The U.S. Department of Education has also released their own information on educational technology that mirrors Lemke’s opinions and ideas. The point that echoes between both of these sources is that we are living in modern times with more options available to children, and educational models that would not have been accessible beforehand must be modernized to keep up. It cannot be expected for children to learn the same way as previous generations if they are expected to stay ahead in this fast paced world (U.S. Department of Education).

While putting technology in early education may seem alarming, it is shown that the presence of technology for kids has several benefits. Along with the preparation for the work force, technology allows children to learn in a whole new way. Children can view animations of the solar system, look at three-dimensional models of the human body, and learn through interactive games. Senior Research Scientist at the Center for Children and Media, Cornelia Brunner, has been an active participant in projects that bring educational technology to children. In project Ready to Learn, for example, Ms Brunner worked to develop educational videos and curricula for children between the ages of two and eight (Center for Children and Technology). She found that children used the technology well and seemed to work with it naturally. “They have no way to compare it with anything. But we did find that they liked it a lot and that it didn’t stop them from being just as interested in playing with sand and water and dolls ad cars. So it provided them with another option and it did them no harm.” Children today can use technology as a supplement with traditional education, not as a replacement. The proper mix of these two elements can give children all the benefits of a modern education without requiring much training for children. When using modern technology, children pick it up at amazing speeds. A Cape Cod father of three said, “When my five year old daughter uses my computer, she doesn’t even need me to help her. She just figures it out on her own, and can quickly use it just as well as the next person. That’s not to say she suddenly understands all the content, but she knows how to make it function, and to navigate it. It’s as if technology is becoming innate to today’s children.” Assistive technology to help students with disabilities has also become vastly popular in the classroom. Assistive technology’s purpose is to “augment abilities and bypass or compensate for a disability” (Lewis). Computers have been specifically useful, for they allow us to manipulate items such as text to meet the needs of individual students. For example, text can be made larger so it can be seen easier, and also read aloud for deaf students. More recently, specific devices have been engineered to cater to students with specific disabilities. DynaMyte, for instance, is a portable communication device that facilitates students with communicative disabilities to speak and converse with others through a keyboard composed of symbols. With these sorts of innovations, it has been estimated that approximately 95% of students with disabilities between the ages of six and eleven are able to receive their education in regular classrooms (ATTO).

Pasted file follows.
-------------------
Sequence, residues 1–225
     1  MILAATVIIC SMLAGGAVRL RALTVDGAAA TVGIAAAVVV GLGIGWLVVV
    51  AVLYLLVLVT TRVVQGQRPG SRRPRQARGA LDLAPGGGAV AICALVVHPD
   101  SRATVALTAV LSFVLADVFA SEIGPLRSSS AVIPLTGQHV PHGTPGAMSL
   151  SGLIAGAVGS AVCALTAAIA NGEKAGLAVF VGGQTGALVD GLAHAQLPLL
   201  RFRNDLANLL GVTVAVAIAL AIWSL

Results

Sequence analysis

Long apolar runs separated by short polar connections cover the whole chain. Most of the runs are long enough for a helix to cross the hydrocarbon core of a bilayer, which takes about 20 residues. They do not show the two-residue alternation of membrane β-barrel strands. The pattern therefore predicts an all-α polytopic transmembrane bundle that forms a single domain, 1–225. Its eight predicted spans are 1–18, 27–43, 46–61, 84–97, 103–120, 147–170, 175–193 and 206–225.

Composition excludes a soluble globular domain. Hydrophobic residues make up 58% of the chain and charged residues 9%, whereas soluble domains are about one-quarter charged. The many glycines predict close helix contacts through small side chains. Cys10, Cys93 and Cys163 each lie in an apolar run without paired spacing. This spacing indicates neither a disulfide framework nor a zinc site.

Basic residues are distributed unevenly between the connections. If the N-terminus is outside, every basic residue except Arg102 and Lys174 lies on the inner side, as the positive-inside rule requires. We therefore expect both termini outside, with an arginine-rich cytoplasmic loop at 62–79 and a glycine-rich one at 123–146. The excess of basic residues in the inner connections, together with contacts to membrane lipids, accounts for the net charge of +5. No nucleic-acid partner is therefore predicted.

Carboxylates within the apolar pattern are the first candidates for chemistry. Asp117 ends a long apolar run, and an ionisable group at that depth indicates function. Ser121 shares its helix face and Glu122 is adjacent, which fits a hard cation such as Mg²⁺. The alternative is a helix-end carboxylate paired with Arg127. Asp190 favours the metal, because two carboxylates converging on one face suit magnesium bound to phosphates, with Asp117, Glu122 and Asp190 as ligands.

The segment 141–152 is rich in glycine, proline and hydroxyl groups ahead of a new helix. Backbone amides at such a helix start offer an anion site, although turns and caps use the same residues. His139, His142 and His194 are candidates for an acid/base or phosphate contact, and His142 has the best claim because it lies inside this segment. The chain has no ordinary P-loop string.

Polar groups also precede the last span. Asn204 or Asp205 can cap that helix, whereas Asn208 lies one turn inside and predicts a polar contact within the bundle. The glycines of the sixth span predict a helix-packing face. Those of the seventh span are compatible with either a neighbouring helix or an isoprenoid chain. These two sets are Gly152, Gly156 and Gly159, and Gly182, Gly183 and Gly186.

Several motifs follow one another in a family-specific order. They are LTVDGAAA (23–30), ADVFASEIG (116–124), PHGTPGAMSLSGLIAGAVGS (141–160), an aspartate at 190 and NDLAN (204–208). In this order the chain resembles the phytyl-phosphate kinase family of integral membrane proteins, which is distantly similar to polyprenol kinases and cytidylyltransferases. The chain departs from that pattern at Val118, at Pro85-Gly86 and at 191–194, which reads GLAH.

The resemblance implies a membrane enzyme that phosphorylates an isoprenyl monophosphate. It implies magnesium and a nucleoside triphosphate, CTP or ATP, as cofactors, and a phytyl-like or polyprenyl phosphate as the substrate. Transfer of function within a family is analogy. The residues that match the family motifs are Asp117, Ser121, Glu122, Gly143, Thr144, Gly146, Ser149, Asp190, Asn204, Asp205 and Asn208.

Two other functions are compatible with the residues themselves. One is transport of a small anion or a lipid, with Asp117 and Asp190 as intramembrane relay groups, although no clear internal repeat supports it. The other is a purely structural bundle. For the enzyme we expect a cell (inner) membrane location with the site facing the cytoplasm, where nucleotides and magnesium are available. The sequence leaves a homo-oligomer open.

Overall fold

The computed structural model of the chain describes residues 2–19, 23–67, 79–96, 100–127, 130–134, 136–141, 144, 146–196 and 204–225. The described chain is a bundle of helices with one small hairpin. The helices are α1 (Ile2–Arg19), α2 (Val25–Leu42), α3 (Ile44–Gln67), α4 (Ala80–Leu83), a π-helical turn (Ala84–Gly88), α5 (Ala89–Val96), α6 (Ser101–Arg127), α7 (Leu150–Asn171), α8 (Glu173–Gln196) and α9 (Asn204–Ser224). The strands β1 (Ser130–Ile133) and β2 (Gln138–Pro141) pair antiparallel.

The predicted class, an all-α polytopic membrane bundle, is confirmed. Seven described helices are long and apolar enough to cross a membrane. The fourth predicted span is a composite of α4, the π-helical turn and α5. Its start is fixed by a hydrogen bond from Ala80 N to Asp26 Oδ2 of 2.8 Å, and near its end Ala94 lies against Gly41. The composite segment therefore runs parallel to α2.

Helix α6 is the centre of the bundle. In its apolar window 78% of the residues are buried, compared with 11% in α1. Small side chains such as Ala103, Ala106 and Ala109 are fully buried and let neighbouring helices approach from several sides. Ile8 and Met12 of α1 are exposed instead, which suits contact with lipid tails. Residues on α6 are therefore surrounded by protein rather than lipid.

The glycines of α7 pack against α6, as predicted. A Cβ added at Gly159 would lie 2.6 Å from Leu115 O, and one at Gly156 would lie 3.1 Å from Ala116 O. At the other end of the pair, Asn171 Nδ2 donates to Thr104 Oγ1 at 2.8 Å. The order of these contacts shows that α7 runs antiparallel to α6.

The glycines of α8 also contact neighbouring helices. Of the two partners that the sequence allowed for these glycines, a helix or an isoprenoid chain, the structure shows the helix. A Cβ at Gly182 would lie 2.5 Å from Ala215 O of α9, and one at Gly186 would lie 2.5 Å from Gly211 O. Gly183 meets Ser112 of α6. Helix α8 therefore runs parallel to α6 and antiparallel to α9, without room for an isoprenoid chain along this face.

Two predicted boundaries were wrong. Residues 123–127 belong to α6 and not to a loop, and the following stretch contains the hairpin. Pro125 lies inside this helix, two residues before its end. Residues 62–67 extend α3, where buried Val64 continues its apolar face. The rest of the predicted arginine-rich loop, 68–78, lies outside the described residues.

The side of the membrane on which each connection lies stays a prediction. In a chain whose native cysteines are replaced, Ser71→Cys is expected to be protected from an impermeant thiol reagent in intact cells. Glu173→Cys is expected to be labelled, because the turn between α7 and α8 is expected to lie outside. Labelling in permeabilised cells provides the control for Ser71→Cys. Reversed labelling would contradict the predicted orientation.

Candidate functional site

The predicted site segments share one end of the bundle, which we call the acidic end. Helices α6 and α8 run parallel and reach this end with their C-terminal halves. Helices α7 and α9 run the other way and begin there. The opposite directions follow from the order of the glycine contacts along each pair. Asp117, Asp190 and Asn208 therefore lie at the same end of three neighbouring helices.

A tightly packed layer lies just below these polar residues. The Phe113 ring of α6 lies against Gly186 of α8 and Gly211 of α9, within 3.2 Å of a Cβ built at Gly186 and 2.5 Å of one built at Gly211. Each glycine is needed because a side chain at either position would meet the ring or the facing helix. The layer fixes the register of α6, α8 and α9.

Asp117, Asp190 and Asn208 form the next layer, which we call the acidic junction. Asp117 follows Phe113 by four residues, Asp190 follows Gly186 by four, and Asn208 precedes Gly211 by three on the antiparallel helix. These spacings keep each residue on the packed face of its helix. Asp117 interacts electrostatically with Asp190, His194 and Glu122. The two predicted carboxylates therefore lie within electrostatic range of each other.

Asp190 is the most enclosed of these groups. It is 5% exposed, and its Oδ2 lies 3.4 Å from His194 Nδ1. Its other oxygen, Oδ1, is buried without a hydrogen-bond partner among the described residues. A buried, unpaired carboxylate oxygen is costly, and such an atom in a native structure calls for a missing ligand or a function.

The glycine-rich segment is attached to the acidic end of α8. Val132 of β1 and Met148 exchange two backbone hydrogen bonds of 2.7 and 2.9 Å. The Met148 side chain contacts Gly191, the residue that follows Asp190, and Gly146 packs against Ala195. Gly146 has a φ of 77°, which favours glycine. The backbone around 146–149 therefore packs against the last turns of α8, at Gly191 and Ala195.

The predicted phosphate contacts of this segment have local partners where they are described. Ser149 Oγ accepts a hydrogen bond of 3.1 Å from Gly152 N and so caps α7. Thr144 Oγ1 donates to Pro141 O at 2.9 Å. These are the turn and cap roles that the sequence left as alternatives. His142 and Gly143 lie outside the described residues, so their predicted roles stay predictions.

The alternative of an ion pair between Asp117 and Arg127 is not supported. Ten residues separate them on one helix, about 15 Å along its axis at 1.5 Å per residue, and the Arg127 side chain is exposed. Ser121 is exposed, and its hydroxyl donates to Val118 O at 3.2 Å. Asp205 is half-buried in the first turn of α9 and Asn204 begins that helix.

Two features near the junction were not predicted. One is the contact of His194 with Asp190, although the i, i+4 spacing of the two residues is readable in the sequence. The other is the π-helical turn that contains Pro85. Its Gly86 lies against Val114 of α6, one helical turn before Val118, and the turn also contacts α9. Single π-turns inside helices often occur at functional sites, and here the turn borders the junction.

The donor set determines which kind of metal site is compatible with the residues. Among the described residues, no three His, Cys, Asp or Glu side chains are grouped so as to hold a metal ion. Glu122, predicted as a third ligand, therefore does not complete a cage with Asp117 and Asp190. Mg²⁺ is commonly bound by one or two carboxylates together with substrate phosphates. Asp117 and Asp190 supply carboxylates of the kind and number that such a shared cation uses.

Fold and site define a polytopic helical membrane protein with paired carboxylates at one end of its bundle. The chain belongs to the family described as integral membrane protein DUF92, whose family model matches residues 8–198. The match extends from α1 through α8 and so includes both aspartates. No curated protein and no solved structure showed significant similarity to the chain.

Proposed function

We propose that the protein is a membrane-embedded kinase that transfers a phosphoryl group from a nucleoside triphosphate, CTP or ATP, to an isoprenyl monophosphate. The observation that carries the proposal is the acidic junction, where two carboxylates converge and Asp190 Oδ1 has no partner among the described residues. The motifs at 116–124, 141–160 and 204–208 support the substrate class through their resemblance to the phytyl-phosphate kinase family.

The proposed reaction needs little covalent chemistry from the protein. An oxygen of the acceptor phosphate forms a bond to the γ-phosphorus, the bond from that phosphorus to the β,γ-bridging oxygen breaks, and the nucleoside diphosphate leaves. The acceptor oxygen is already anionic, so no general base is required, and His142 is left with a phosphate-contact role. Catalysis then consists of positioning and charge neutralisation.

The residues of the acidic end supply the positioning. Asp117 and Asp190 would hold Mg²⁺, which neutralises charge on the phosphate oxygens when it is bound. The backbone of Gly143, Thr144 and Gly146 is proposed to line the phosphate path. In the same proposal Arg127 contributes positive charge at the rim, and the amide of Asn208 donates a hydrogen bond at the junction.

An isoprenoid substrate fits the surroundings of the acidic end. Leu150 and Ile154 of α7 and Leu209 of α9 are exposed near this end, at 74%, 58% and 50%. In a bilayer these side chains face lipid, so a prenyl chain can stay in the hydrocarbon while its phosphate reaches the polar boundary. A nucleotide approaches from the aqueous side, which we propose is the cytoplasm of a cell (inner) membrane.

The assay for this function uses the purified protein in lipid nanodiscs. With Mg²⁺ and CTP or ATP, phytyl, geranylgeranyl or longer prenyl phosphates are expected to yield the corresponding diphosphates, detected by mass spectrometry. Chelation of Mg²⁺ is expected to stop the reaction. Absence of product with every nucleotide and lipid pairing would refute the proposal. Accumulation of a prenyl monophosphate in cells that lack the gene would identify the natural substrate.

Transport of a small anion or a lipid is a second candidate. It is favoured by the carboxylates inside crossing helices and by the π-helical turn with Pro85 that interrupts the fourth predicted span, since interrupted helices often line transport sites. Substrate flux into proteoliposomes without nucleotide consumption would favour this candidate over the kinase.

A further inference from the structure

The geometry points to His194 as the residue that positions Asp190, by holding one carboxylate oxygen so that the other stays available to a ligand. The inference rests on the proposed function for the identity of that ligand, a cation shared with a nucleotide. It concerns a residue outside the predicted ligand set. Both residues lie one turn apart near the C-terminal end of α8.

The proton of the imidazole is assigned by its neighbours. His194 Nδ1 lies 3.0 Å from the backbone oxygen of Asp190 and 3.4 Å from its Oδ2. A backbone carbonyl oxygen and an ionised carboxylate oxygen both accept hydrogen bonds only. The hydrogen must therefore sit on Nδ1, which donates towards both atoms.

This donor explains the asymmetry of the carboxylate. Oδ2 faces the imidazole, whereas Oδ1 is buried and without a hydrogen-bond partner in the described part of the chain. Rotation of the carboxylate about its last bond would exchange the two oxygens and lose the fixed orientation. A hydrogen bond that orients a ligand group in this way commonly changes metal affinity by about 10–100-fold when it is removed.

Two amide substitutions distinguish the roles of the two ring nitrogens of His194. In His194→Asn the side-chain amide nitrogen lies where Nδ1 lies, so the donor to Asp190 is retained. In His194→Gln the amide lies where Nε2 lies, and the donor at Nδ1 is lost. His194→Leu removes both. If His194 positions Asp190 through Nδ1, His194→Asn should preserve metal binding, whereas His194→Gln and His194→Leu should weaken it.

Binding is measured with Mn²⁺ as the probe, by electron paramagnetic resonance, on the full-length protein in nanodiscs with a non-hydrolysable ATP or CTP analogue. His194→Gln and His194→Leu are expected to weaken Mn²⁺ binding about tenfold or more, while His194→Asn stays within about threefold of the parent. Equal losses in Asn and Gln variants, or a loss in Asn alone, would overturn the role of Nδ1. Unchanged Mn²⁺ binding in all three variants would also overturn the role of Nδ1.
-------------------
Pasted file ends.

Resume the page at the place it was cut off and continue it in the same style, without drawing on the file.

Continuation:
Keeping Up with the Joneses The introduction of technology into modern culture has drastically shifted social norms to include the technology into children’s daily lives. Today, it is not uncommon to see children playing on their portable video game systems while at a restaurant with their family, or to see a child operating a computer better than some adults. While these trends seem appalling to some, according to author Lev Grossman, they are only the result of an evolving society, and might not be as much of a worry as we thought. While these norms seem outrageous now, within a few years, they will become commonplace (Time.com).

When writing his Time Magazine article calling Mark Zuckerberg Person of the Year in 2010, he stated:

“People hated Facebook’s News Feed when it was introduced in 2006. They thought it was creepy and intrusive. Zuckerberg stood his ground, and now Facebook is unimaginable without it. He moved the chains, and we went with him, setting up our defense that much farther toward the end zone. “The world is changing,” Cox says. “When my caller ID came out, people went psycho. You know, because, Oh my God, now people are going to know I’m calling them!

This is terrible! I’m going to end up being tracked, and Big Brother and Orwell and all that! The reality is, now you won’t pick up a call unless you know who’s calling you.” Cornelia Brunner, has similar thoughts about today’s societal norms. “The adults in the part of Europe where I grew up were alarmed in exactly the same way about the horrible effect comic books were going to have on the impressionable minds of young people!!!

We were all going to turn into monsters because the comics made it seem as if you can do anything and survive anything (i.e., roadrunner falls off a cliff and survives). The arguments were exactly the same as the ones being used today when people (usually people who never play electronic games) carry on about how dangerous they are.” Technology will be part of our world for the rest of our foreseeable lives. Ms Brunner believes that children must become accustomed to technology because the digital world is here to stay, and will continue to offer its vast amount of benefits. The digital world “lets us communicate and share and compete and play and inform each other and plan together. All of that is good for everybody, including kids, within some boundaries. Just like there have to be rules of conduct in real life, there have to be smart rules of conduct in digital life.” The presence of this technology will force children to have the skills to navigate it and keep up with it as they get older. Electronic media is becoming more and more integrated into our workforce and our classrooms as technology advances and becomes more easily accessible.

In the workforce, technology is becoming more of a necessity than a luxury for many higher paying jobs. iPads have begun to be used in cockpits of planes (Bloomberg.com), and companies such as CBS and Radio Disney have stated that they are dependent upon technology to function successfully. This is becoming more common in more companies, so much so that in the twenty-first century, sixty percent of jobs require technology skills, leaving children who don’t have such abilities working at lower paying jobs (U.S Department of Education). According to Global Knowledge, the top ten skills demanded in 2010 included network administration, cloud computing, database management and web development. In order to be successful with these skills, children can be introduced to them as young as elementary school (globalknowledge.com).